Major depressive disorders (MDD) is a chronic, recurring and potentially life threatening illness that affects up to 20% of the global population. Furthermore, the world Health Organization (WHO) has predicted that mood disorders such as depression will be the leading contributor to the global burden of disease within the next few years. Progress in treatment for cardiovascular disease and cancer has progressed rapidly over the years while the current treatment strategies for depression are predominantly based on the monoamine hypothesis developed on findings from 60 years ago. One of the leading problems with the standard treatments is that a) only 40% of patients exhibit full remission, b) in those patients that do respond to treatment the positive effects can take weeks or months to take place and c) side effects are still a major issue. In light of this there is an urgent need to develop better therapeutics for the treatment of depression.
Though counterintuitive, sleep deprivation therapy (SDT) can rapidly alleviate symptoms of depression. Since the majority of patients suffering from MDD exhibit abnormal circadian rhythms in mood and sleep, a leading hypothesis for the effectiveness of SDT for the treatment of depression postulates that sleep deprivation (SD) resets abnormal circadian machinery. The cellular and molecular changes associated with SD induced rapid reversal of depression are unknown. Chronically Sleep Deprivation itself can be harmful to a patient’s wellbeing, however, by understanding the cellular and molecular changes associated with the treatment effects of SD on depression it would be possible to develop targeted medicinal therapeutics for the rapid treatment of depression. Recent technical advances such as optogenetics and in vivo imaging combined with viral tracing and electrophysiology make it feasible to map and functionally determine the therapeutic effects of SD on depression at the neural circuit level.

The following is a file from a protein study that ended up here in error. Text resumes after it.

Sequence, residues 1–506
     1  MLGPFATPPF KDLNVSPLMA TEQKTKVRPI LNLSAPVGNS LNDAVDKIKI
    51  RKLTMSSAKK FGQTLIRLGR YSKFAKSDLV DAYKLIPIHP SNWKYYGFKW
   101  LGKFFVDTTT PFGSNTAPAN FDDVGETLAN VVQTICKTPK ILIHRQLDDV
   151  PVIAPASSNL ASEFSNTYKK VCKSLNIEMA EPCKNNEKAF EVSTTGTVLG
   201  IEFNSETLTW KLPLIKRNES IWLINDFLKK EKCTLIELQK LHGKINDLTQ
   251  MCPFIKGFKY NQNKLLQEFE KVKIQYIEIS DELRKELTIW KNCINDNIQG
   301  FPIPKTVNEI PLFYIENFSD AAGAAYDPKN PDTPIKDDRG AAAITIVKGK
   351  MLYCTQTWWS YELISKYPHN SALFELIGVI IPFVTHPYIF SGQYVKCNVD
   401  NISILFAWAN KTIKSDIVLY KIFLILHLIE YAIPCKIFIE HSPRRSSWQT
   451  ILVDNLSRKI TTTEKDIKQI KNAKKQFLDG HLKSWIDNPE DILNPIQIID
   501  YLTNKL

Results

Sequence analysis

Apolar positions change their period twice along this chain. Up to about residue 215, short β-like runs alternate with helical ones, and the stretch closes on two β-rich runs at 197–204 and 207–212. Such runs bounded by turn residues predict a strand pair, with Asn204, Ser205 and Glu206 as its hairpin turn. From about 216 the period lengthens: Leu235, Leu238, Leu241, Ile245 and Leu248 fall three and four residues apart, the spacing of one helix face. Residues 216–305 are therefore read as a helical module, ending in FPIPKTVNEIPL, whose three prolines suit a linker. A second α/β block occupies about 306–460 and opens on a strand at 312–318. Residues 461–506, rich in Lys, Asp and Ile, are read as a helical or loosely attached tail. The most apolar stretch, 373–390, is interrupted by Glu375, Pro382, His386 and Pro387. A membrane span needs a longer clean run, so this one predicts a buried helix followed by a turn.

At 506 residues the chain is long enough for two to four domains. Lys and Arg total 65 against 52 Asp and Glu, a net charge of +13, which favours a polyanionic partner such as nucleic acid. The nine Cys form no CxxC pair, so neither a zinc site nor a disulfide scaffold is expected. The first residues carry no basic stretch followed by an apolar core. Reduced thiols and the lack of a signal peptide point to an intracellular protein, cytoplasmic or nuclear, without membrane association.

The Chaudhury Lab uses a multidisciplinary approach combining rodent behavioural models of depression, optogenetics, in vitro and in vivo electrophysiology, viral tracing, pharmacological and imaging techniques to systematically investigate functional changes in cellular and molecular mechanism in neural circuits connecting the circadian and sleep/wake centers of the brain to regions associated with mood disorders such as depression.